And on that note, it’s been real!

Master & Commander: The Far Side of the Theater

As I mentioned at the beginning of this week, Master & Commander had potential for being an epic period masterpiece.  There are five books in the entire series, and approximately four stories per book.  O’Brian’s books are the perfect material for a show.  One season could be two stories and so one.  That would have run for at least 10-11 seasons.  Decent length for a show, at least for one that has actual material to work off of.  But enough of how I could plan the perfect show, I’m talking about how the movie got panned.

Again, I believe some of the reasons it didn’t do well was because many people don’t have a proper understanding of History.  Facts to remember are that the Napoleonic War came about because of the French Revolution.  It was the cause, and Bonaparte was the affect.  The movie itself featured an all-male cast, and that might have been another problem.  Although moves like Expendables that also featured mostly male casts did fairly well, historical pieces are different.  It is usually nice to have at least one female character for us to fantasize getting together with the hero.  Aubrey’s love is hinted to at the beginning of the movie, but we don’t actually see her at all; and Dr. Maturin doesn’t have anybody but his sciences.  In the books, he had a dalliance with a rival, female spy for Bonaparte.  Dangerous and it would have been small screen gold!  Anyway, they did not have a female character at all.  Of course, we also have to take into consideration that they are on the far side of the world, literally!  They were a war ship, so they would never have been transporting civilians.  That, and no noble women would have been around, so for accuracy’s sake, they didn’t put a woman in; but that might have cost them some good publicity.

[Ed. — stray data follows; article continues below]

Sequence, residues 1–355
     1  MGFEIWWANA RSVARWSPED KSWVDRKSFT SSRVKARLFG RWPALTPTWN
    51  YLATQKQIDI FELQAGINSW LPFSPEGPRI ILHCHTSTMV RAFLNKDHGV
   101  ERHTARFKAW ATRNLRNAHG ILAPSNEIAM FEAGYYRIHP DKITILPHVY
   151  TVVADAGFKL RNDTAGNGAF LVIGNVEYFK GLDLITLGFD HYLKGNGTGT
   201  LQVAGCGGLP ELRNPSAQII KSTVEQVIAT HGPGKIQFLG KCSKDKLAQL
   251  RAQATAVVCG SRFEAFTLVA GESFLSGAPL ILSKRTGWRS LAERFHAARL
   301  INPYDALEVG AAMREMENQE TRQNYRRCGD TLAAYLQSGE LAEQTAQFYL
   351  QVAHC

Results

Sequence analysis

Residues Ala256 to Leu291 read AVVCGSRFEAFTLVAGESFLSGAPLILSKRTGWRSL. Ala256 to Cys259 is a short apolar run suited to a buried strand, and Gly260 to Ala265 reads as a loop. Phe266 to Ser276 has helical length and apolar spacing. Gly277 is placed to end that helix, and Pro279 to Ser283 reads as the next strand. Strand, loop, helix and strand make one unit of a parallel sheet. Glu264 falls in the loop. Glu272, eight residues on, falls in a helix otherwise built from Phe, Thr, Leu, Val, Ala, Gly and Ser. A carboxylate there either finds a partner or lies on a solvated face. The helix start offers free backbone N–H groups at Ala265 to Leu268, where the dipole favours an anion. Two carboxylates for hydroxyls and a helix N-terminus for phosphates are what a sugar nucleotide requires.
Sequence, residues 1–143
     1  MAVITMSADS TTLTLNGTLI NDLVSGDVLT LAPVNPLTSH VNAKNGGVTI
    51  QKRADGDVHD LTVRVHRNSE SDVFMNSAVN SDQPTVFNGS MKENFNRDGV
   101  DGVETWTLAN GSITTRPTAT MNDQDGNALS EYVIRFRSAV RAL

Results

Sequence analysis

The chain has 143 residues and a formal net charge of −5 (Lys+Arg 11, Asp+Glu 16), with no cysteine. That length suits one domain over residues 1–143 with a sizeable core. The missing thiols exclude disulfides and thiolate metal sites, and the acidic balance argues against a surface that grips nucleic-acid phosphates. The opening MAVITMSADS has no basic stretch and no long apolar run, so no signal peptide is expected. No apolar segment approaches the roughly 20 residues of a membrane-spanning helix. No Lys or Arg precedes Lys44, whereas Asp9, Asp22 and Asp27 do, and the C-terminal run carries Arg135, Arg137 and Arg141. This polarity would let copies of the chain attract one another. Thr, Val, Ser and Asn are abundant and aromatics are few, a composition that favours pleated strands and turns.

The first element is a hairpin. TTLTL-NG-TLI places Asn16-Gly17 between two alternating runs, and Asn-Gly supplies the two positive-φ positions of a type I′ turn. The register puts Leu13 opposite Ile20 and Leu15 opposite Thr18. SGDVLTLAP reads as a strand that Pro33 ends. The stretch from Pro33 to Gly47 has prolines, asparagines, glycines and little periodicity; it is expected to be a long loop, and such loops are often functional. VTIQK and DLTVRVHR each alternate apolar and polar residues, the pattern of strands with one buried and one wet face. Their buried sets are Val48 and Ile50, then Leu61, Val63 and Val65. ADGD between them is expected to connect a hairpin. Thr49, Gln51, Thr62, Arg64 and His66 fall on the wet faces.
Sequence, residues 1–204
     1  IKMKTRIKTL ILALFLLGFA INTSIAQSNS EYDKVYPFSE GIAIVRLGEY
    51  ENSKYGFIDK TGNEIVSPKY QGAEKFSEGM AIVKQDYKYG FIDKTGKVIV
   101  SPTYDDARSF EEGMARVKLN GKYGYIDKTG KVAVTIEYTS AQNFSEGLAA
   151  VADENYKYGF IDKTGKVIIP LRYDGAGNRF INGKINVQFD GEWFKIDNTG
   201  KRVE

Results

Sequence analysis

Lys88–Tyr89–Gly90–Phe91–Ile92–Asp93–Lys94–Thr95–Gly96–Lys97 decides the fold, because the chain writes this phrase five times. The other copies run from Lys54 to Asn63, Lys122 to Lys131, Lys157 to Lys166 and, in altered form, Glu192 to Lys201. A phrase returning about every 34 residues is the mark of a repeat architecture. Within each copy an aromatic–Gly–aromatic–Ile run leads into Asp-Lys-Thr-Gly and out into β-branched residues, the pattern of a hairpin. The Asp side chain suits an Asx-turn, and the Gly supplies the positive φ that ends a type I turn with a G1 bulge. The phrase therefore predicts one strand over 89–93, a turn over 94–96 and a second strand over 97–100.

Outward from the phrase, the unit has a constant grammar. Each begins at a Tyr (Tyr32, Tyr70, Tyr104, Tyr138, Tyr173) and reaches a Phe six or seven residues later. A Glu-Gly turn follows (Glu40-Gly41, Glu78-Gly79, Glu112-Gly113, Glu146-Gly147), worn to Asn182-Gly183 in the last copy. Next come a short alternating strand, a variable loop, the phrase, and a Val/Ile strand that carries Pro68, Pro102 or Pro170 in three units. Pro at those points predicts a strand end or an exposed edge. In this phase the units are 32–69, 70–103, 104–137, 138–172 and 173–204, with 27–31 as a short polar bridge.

Another factor: the men might not have been good enough?  Now, for me personally, I liked the men they picked.  Russell Crowe was accurately cast in the lead.  Aubrey was described as a slightly heavy-set but capable man.  Maybe he wasn’t everybody’s cup of tea?  As for the secondary lead, Dr. Steven Maturin, Paul Bettany played the acerbic but thoughtful doctor to a tee.  He challenges Aubrey whenever he thinks he’s caring too much about his duty and not enough about his men.  Captain Aubrey is a man with a moral code, and that means following the orders he was given.  Maturin has to play conscience every once in a while.

If you have seen the movie and/or read the books, you would know that they left the movie open for more.  Unfortunately, nobody understands or appreciates History, so the movie did not do well, and no continuations were made.  However, I would fully condone a remake, as a series of course.  I would have Charlie Hunnam as Capt. ‘Lucky’ Jack Aubrey, and JJ Feild as Dr. Steven Maturin.  Their adventures would grace the small screen like a well played battle maneuver!